by the rising sea levels. president obama addressed how climate change is not a partisan issue. >> yes this winter was cold in parts of our country, including washington. some people in washington hopefully used a snowball to illustrate that fact. but around the world in the aggregate, it was the warmest winter ever recorded. this is not a problem for another generation. not anymore. this is a problem now. it has serious implications for the way we live right now. stronger storms. deeper droughts. longer wildfire seasons. the world's top scientists are warning that a changing climate already affects the air that our children are breathing. because in places like this, folks don't have time, we don't have time, you do not have time to deny the effects of climate
change. >> ground zero for the impact of climate change. our team traveled around the state of florida to hear from the people who want action to protect their homes and their environment. tune in all next week here on "the ed show" for our original series "rising tide: the climate crisis." it's amazing, we talked to the scientists, we talked to the climate deniers, we talked to the business leaders, and what is the future for florida as the water continues the come up? there's a huge water problem in south florida. we'll bring it to you all next week here on "the ed show." "rising tide: all about climate change." stay with us, we're right back. i'm hampton pearson with your cnbc market wrap. stocks end higher on another big earnings day. the dow climbs 88. the s&p adds 10. the nasdaq rises by 21 points. e-bay shares are soaring after hours. the company posted an earnings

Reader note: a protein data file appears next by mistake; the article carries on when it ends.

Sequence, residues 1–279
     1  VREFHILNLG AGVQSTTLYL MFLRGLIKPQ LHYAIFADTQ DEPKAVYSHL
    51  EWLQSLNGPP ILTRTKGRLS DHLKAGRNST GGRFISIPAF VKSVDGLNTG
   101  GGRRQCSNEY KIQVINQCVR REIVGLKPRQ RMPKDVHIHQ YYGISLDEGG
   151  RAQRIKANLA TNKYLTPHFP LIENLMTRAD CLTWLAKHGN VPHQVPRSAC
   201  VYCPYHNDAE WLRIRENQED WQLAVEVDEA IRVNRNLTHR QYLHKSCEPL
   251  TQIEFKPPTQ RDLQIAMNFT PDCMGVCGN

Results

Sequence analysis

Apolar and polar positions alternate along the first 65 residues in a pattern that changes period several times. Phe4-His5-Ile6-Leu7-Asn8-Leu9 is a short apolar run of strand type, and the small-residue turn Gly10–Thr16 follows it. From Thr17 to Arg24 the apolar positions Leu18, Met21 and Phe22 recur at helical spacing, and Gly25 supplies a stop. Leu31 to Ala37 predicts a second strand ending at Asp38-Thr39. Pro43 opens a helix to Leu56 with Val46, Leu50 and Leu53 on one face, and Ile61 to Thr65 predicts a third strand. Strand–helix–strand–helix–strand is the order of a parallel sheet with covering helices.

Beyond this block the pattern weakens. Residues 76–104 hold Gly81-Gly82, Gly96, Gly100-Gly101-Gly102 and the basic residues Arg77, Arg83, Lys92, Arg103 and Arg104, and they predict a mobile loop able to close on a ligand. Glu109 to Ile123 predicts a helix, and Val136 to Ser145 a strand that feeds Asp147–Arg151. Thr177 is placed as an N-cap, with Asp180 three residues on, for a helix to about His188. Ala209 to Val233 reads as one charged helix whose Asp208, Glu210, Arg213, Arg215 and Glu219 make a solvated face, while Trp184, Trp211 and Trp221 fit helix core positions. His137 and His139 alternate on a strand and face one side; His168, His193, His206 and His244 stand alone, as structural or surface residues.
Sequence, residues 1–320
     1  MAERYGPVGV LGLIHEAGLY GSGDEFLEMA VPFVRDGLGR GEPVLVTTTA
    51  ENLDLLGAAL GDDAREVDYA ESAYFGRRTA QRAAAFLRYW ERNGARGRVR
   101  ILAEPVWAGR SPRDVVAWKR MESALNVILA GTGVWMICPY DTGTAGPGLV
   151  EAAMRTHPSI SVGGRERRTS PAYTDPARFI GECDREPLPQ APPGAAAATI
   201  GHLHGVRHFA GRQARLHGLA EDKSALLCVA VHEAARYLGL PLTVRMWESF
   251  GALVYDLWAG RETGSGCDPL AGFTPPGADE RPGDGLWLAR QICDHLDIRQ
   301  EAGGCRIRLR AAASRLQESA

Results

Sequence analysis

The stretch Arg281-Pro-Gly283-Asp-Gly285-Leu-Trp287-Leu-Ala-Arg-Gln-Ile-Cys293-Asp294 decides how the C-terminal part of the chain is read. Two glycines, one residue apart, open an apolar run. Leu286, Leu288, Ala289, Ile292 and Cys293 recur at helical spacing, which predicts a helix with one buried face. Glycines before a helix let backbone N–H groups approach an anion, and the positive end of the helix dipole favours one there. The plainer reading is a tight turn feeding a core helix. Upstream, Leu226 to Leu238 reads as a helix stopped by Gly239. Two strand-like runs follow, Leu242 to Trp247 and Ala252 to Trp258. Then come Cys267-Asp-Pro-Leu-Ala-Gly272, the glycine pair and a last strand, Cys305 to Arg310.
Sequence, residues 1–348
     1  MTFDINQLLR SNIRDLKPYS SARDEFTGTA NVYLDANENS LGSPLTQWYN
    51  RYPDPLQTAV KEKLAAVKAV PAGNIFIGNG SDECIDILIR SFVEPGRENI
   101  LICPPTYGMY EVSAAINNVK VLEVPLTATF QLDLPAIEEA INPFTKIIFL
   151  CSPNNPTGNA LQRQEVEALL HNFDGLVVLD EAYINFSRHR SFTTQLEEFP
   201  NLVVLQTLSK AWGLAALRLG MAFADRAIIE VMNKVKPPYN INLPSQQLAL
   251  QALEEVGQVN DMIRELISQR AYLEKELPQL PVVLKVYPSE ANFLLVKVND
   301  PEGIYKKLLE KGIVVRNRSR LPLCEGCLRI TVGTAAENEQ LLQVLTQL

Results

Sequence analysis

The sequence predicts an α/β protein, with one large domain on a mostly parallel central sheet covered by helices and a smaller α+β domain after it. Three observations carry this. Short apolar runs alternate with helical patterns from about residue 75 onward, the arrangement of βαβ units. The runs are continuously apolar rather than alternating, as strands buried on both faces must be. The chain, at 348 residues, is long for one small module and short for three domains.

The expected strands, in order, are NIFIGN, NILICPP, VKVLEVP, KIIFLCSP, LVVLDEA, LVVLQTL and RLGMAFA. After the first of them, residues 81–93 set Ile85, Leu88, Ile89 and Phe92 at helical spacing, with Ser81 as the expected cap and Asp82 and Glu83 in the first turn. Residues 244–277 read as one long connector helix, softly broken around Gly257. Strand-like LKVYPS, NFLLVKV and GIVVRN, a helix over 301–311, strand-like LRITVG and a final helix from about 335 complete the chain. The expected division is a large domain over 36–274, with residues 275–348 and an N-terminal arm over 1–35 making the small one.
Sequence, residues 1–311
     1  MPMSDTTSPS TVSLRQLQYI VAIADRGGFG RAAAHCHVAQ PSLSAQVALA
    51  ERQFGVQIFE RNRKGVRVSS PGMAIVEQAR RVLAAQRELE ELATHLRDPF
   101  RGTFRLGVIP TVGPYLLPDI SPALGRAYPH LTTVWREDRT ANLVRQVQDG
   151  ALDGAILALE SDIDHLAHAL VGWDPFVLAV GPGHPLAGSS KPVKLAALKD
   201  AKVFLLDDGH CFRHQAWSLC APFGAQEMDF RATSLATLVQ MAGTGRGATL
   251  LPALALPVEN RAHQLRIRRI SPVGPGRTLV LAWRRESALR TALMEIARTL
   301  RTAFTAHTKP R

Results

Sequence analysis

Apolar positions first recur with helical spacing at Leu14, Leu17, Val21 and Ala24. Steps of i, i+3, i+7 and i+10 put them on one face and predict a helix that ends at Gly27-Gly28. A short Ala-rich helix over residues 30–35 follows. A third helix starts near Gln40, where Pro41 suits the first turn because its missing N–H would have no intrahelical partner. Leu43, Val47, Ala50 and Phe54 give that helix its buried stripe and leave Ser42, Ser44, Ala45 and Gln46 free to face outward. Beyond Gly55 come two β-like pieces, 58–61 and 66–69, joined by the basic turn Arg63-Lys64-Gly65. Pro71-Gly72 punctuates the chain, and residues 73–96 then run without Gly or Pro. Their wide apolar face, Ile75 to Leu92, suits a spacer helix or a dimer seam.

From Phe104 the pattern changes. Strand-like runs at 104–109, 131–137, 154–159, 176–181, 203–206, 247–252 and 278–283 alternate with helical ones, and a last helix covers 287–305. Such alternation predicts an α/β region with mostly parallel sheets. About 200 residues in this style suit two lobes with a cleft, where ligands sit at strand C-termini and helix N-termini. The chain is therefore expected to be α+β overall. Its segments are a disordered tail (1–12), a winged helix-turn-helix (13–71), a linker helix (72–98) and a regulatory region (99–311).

report that beat estimates by seven cents a share. revenue was also better than expected. facebook is moving in the other direction. earnings came in ahead of target's. revenue was slightly short, however. and google has unveiled a new lower cost wire lesser vis called project 5. that's it from cnbc, first in business worldwide. we come by almost every day to deliver your mail so if you have any packages you want to return you should just give them to us since we're going to be here anyway it's kind of a no brainer
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welcome back to "the ed show." if you think the conversation about trade in this country is boring or not important maybe it's because those who think we should do fast track and go with this huge trade agreement is that they're not giving any direct answers. there's very little explanation as to what the heck is going to happen. a day after president obama made his case for the transpacific
partnership, republicans are speaking out on trade. earlier today, congressman paul ryan said that the tpp would create american jobs. >> we need to open up exports for our markets, for our businesses, for our workers so that we can have more jobs. joe, 95% of the world's consumers, they don't live in america, they live in other countries. if we want to have more higher paying jobs, we need to be able to make and grow things in america and send them overseas. these trade agreements have the potential of giving us access to a billion new customers, and that's really critical if we're going to have higher paying jobs. >> now, those are great bullet points, but it's generic talk. let's get some more generic talk. congressman ryan attempted to explain how these jobs would be created in america. >> if you're standing still on trade, you're basically falling behind because all these other countries are getting better agreements for their countries and their markets, and therefore they're winning and we're losing. 48 trade agreements in asia since 2000 alone. we've been a party to two of